Cost-effectiveness of apixaban and warfarin in the prevention of thromboembolic complications among atrial fibrillation patients

Taru Hallinen*, Erkki J. Soini, Miika Linna, Samuli I. Saarni

*Corresponding author for this work

Research output: Contribution to journalArticleScientificpeer-review

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Background: To reduce the risk of thromboembolic complications, clinical guidelines recommend anticoagulation treatment for almost all atrial fibrillation (AF) patients. Although warfarin has long been the primary treatment alternative, now newer alternatives such as apixaban have proven effective in prevention of the thromboembolic complications of non-valvular AF. The aim of this study is to assess the cost-effectiveness of apixaban when compared with warfarin in the prevention of AF-associated thromboembolic complications in Finland.

Methods: The assessment was performed with a lifetime Markov-model with the following health states: non-valvular AF, ischemic stroke, hemorrhagic stroke, other intracranial bleed, other major bleed, clinically relevant non-major bleed, myocardial infarction, and systemic embolism. The treatment efficacies were obtained from the ARISTOTLE trial. Representative Finnish input data were used for the model states, including background mortality, resource use, costs (in 2014 values), and EQ-5D-3L-based quality of life. The results (with 3 % annual discounting) are presented as incremental cost-effectiveness ratios [ICER, cost per quality-adjusted life year (QALY) gained], the expected value of perfect information (EVPI), and the probability of apixaban being cost-effective at various willingness-to-pay levels.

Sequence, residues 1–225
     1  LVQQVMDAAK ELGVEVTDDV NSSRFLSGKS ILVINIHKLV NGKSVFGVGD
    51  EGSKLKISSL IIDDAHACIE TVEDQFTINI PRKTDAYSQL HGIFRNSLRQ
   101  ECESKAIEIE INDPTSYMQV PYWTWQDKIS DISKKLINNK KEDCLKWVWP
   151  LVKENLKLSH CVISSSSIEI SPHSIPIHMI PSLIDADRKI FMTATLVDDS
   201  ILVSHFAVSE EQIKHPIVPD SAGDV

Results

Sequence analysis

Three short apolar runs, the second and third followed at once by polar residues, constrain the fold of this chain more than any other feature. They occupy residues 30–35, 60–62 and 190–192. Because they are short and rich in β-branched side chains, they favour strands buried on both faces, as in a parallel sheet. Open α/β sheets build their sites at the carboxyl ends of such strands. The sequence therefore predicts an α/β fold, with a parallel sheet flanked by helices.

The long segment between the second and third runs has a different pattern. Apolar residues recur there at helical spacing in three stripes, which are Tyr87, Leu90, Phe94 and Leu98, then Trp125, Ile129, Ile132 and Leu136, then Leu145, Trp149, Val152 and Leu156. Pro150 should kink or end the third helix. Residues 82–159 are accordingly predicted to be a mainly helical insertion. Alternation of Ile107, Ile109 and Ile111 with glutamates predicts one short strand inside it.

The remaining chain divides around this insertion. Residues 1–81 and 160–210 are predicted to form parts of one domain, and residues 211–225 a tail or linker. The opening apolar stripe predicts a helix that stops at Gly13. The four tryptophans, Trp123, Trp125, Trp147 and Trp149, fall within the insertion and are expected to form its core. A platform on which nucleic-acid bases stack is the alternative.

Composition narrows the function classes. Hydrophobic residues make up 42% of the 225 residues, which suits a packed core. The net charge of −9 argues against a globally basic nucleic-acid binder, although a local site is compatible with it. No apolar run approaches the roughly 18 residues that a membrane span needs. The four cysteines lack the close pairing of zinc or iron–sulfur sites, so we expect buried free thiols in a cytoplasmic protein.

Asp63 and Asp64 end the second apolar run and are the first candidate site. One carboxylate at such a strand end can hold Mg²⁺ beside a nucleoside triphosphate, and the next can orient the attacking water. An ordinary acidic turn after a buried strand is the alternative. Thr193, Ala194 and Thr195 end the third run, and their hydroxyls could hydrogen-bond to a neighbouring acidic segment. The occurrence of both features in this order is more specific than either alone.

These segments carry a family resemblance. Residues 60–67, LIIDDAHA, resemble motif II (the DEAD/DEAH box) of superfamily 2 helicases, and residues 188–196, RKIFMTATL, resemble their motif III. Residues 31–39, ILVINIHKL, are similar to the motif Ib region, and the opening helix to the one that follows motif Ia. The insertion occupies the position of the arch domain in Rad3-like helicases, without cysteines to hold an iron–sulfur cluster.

Results: Apixaban increased life-expectancy by 0.17 years and quality-adjusted life-expectancy by 0.14 QALYs when compared with warfarin. Additional QALY was gained with apixaban at a cost of 1824 euros based on the deterministic analysis. The maximum EVPI was 649 euros/patient at 1282 euros per QALY gained in the probabilistic analysis. The probability of apixaban being cost-effective reached 80 % when the willingness-to-pay per QALY gained was 14,857 euros. In deterministic sensitivity analyses, ICERs varied from dominance of apixaban to additional QALY being gained at a cost of 12,312 euros.

Conclusions: The ICERs obtained were well below the WHO-CHOICE threshold values for cost-effective interventions, suggesting that apixaban is a very cost-effective treatment alternative for warfarin in Finnish patients with AF.

Original languageEnglish
Article number1354
Number of pages9
Publication statusPublished - 17 Aug 2016
MoE publication typeA1 Journal article-refereed


  • Anticoagulation
  • Apixaban
  • Atrial fibrillation
  • Cost-utility
  • Stroke
  • Warfarin
  • CARE

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